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The New York Times on Ethics and Blogging

Adam Cohen of the New York Times opines today about ethics and blogging. It’s a piece that makes a few points but not particularly well, and ultimately raises more questions about Cohen than about blogging.

Cohen repeatedly makes reference to “bloggers,” but he is not referring to bloggers as you and I understand them. Cohen is referring to a handful of political-commentary bloggers: Wonkette (he brings her up twice), Daily Kos, Talking Points, Arianna Huffington, FishbowlDC, and–well, he does bring up Wonkette twice. Cohen also throws in Matt Drudge, who as Tim Worstall points out is not a blogger.

Cohen then bloviates through a stream of blogging generalizations, prefaced with statements such as “Bloggers often,” “as bloggers well know,” or “most bloggers.” At one point he refers to “the world of bloggers” (where “few rules apply”), which sounds like such an exciting, edgy place to visit I eagerly await Expedia’s announcement of a trip package to Blogville.

I realize Cohen’s column is just commentary on the opinion page of the national newspaper of record, but where are the facts grounding this piece? “It is hard to know who many bloggers are,” states Cohen, a comment I read in his article which at last count has already been linked to dozens of blogs written by people with painfully thorough “about pages” and blog names as eponymously transparent as Grant’s Tomb. Let me ask you, Adam: who do you think writes

Cohen also states “bloggers rarely disclose whether they are receiving money from the people or causes they are writing about.” After reading this I checked my online bank statement, but alas, no big checks had laundered their way in. If Cohen is going to aver that most bloggers are on the take, sucking up money under the table like Armstrong Williams, he needs to ground us in a few more details. Unlike Cohen, I’m not paid by anyone to write what you’re reading right now, and if I were, I’d let you know. (Paypal welcome here.)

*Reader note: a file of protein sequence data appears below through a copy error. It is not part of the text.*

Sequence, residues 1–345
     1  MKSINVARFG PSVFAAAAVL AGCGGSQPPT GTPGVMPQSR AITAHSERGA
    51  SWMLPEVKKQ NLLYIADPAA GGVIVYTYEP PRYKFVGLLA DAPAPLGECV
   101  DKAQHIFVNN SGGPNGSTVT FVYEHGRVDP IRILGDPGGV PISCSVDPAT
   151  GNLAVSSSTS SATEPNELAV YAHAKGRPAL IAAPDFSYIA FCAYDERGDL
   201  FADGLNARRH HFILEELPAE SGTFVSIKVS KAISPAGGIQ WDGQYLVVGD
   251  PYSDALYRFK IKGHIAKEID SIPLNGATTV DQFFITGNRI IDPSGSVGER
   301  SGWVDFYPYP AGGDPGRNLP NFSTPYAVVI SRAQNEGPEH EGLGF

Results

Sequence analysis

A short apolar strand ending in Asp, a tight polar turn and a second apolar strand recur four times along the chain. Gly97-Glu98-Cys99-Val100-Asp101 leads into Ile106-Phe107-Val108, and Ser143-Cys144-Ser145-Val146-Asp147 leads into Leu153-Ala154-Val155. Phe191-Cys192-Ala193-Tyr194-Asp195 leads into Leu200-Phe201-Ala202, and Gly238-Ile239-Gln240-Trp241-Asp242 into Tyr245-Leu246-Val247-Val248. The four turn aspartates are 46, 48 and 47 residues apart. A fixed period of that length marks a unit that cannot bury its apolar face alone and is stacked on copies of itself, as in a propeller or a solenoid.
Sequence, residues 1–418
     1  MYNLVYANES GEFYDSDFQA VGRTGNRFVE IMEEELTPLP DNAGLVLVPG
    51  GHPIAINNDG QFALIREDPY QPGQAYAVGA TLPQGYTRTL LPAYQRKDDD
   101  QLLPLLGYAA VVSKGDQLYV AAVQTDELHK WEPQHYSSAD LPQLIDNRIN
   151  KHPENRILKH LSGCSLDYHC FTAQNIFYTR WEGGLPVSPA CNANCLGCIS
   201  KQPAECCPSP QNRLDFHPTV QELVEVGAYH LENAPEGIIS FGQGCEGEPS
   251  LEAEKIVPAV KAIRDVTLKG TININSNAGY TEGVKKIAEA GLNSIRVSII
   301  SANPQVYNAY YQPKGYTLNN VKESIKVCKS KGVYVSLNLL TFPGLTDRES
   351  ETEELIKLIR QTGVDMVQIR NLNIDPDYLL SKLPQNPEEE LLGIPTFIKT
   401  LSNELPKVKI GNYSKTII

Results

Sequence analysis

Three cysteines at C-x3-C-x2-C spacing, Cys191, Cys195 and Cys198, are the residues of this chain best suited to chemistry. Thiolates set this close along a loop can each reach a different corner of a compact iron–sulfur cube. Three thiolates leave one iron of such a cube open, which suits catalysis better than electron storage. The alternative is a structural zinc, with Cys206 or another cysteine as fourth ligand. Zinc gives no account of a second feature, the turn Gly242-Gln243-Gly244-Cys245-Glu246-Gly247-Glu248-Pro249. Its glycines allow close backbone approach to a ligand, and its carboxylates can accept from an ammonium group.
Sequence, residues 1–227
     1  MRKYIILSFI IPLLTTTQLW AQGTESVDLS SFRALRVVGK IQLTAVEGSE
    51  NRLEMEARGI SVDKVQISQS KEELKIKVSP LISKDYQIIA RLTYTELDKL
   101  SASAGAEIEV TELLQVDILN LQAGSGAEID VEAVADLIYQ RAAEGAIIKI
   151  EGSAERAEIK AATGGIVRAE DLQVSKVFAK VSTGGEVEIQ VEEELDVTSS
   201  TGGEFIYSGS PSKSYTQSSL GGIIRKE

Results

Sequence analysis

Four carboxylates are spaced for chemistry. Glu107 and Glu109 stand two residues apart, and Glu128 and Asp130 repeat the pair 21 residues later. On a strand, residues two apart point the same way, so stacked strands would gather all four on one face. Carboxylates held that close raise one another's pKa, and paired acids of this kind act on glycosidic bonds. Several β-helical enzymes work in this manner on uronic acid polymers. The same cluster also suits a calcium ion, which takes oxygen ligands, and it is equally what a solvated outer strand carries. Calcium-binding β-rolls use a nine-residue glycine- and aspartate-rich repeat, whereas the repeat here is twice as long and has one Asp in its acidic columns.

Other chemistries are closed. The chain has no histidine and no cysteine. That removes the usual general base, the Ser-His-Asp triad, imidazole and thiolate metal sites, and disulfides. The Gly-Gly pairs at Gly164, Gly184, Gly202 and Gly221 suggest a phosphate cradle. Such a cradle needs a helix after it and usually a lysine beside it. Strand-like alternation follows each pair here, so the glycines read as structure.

Cohen makes reference to the standards discussed on, but to call these standards a “fledgling attempt,” and then overlook Rebecca Blood’s equally important work in the area of blogging and ethics, makes it obvious his own research was desultory.

Finally, I realize that anyone who’s anyone should know who Adam Cohen is, but an article touting transparency (which I agree is a good thing) could at least include a link to his online bio, which makes it abundantly clear why he can’t see beyond the hypoxic horizons of his quaintly clubby little world.

Don’t be mislead by Cohen’s poor arguments. As an issue for librarians (and non-biblish people) to consider, blogging and ethics deserves–and has received–some very thoughtful discussion. Beyond and Rebecca Blood’s work, any number of us in the biblioblogosphere have written about blogging and ethics. My recent article in Library Journal covers a lot of ground and links to other people writing on this subject.

But hey–Frank Rich rocked today, writing about Laura Bush, so I forgive you, NYT.

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